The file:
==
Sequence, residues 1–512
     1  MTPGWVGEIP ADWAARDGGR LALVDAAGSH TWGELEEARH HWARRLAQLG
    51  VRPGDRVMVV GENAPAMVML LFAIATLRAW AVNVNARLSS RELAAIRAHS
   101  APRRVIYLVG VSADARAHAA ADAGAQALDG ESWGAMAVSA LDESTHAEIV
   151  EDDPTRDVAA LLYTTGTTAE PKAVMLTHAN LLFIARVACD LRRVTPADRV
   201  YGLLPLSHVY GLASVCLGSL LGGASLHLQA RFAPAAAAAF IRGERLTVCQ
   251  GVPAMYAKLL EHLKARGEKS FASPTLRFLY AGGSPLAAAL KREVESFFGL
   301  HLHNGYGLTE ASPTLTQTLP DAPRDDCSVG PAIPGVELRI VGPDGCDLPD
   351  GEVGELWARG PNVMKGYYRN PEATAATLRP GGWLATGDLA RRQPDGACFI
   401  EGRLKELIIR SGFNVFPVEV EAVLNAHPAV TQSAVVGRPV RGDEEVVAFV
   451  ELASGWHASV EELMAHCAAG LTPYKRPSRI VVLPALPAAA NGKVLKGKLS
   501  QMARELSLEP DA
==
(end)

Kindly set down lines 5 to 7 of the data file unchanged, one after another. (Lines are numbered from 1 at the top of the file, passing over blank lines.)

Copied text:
   151  EDDPTRDVAA LLYTTGTTAE PKAVMLTHAN LLFIARVACD LRRVTPADRV
   201  YGLLPLSHVY GLASVCLGSL LGGASLHLQA RFAPAAAAAF IRGERLTVCQ
   251  GVPAMYAKLL EHLKARGEKS FASPTLRFLY AGGSPLAAAL KREVESFFGL